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Exempt organization provisions in “Brady amendments” to H.R. 88

U.S. tax law proposals in H.R. 88

U.S. House Ways and Means Committee Chairman Brady (R-TX) last week released an almost 300-page amendment to H.R. 88 with a variety of tax provisions, including several technical corrections to the 2017 tax law, extensions of expired provisions, retirement and savings provisions, IRS administration provisions, “innovation” provisions, disaster relief provisions, and miscellaneous provisions.

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For more information, read TaxNewsFlash–Legislative Updates

Proposal to repeal section 512(a)(7)

Subsequently, a “Manager’s Amendment” [PDF 238 KB] to H.R. 88 was released that would repeal section 512(a)(7)—a provision added to the Code by the new U.S. tax law enacted in December 2017, that increased unrelated business taxable income by amounts paid or incurred to provide certain transportation fringe benefits to nonprofit employees. 

The Joint Committee on Taxation (JCT) has estimated that repeal of this provision would lose approximately $1.776 billion over a 10-year period. Read the JCT table with estimates of the budget effects of the revenue provisions included in the bill.

Other proposals of interest to exempt organizations

In addition to the proposed repeal of section 512(a)(7), other items of interest to exempt organizations include proposals to: 

  • Disregard certain purchases of employee-owned stock for purposes of the private foundation excess business holding rules
  • Extend the requirement to e-file to all tax-exempt organizations required to file Form 990-series returns and political organizations required to file Form 8872
  • Require the IRS to provide notice to an organization that fails to file a Form 990-series return or notice for two consecutive years prior to automatically revoking such organization’s tax-exempt status pursuant to section 6033(j)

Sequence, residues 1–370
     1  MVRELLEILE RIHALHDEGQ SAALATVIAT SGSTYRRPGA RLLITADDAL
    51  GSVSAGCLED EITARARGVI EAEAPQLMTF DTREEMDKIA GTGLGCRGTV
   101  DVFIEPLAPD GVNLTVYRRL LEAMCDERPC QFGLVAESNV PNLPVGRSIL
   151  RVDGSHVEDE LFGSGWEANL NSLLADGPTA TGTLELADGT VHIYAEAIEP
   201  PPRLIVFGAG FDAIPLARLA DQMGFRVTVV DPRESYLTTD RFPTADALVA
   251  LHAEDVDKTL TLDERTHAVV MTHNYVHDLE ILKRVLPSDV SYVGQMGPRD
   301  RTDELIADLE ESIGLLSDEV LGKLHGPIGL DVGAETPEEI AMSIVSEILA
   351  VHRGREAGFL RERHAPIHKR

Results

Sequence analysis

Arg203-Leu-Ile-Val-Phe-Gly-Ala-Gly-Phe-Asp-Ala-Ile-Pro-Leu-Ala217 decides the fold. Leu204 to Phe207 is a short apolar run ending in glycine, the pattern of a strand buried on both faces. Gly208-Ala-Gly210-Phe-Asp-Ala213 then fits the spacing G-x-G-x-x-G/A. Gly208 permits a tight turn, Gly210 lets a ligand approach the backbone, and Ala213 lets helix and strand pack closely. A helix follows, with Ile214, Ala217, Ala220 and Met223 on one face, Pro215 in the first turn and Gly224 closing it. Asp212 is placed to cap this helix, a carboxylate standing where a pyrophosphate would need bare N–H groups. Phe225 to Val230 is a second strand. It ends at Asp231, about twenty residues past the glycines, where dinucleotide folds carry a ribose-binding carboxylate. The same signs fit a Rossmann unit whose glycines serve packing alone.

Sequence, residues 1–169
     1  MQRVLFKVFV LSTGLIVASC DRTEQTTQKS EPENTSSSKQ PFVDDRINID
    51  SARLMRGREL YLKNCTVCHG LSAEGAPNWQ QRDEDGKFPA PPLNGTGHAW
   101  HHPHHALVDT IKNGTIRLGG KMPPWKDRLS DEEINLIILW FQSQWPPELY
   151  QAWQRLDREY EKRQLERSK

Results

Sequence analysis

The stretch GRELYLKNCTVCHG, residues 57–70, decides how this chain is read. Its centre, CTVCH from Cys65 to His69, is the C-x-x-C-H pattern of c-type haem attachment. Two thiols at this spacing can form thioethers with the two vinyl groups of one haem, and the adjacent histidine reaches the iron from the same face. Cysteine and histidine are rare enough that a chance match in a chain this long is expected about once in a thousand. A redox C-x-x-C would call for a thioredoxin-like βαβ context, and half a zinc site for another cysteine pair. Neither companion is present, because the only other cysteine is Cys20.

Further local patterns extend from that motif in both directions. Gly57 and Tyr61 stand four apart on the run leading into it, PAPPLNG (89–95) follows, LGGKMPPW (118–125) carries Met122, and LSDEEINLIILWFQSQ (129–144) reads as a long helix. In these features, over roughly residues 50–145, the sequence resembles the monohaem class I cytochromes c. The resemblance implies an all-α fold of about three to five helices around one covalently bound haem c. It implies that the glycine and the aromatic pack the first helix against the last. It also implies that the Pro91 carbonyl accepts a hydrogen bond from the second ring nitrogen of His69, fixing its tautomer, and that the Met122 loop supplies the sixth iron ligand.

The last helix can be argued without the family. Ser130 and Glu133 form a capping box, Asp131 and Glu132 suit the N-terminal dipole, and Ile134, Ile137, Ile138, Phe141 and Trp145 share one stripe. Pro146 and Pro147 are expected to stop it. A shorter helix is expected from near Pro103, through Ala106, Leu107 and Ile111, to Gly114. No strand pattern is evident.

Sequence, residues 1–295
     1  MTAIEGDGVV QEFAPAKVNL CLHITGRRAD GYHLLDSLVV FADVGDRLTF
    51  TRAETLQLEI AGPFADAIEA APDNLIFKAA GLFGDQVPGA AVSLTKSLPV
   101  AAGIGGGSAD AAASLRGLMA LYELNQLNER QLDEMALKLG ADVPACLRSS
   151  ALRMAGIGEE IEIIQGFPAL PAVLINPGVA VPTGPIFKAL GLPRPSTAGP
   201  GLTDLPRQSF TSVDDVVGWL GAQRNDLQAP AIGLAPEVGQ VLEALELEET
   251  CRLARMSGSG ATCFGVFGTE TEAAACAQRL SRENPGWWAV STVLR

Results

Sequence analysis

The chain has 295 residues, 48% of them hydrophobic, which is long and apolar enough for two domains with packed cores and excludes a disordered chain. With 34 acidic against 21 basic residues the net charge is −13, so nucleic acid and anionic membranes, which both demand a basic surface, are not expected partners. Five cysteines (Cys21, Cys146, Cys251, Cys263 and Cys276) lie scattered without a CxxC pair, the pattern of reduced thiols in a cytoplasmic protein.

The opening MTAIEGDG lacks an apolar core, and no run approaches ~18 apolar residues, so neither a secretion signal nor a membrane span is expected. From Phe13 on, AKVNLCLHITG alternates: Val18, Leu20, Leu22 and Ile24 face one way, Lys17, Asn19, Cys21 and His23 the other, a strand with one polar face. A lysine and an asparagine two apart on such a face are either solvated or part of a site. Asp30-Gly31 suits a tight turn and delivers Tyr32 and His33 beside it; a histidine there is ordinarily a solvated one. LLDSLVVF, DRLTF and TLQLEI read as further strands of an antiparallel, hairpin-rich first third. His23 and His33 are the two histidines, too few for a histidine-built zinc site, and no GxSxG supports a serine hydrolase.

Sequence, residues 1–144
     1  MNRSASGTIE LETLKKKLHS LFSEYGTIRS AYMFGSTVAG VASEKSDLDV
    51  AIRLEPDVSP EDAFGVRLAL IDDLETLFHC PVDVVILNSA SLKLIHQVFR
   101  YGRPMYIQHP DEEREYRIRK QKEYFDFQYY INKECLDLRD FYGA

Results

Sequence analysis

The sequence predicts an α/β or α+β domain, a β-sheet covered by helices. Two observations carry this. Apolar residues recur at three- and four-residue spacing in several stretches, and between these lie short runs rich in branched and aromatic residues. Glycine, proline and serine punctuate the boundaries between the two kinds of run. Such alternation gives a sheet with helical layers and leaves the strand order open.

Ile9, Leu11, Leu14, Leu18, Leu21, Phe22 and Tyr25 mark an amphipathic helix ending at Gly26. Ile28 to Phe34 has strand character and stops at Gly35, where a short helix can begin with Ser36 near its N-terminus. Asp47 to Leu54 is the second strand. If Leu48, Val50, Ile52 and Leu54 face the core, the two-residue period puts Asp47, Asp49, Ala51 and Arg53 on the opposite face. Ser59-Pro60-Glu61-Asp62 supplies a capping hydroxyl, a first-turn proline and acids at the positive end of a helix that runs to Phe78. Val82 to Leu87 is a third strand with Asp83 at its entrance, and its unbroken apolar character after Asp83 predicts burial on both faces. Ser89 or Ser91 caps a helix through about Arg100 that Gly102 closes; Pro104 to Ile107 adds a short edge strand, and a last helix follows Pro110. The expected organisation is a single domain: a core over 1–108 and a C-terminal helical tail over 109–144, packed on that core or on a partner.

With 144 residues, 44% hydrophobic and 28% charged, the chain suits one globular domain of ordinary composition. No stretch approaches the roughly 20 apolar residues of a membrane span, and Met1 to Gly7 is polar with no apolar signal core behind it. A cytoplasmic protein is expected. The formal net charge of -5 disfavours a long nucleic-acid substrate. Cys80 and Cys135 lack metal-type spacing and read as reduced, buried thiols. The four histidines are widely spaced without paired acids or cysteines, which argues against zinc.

• Provide temporary tax relief and incentives for victims of Hurricanes Florence and Michael, the recent California wildfires, and other disasters suffered in Hawaii and Guam (e.g., by removing penalties on certain hardship withdrawals from retirement accounts and suspending limits on charitable contributions to disaster relief efforts)

Future prospects

It is not clear whether the House will take up H.R. 88 before the current Congress adjourns later this month or, if it does, what the Senate’s response (if any) might be.  If the House does not take up H.R. 88, it is possible that some provisions in the bill might be included in other legislation (such as a government funding bill) prior to adjournment. However, it is also possible that this would not happen and that no further tax legislation would be enacted by the current Congress.

 

For technical questions about the exempt organization proposals, contact a tax professional with KPMG’s Washington National Tax practice:

Preston Quesenberry | +1 202 533 3985 | pquesenberry@kpmg.com

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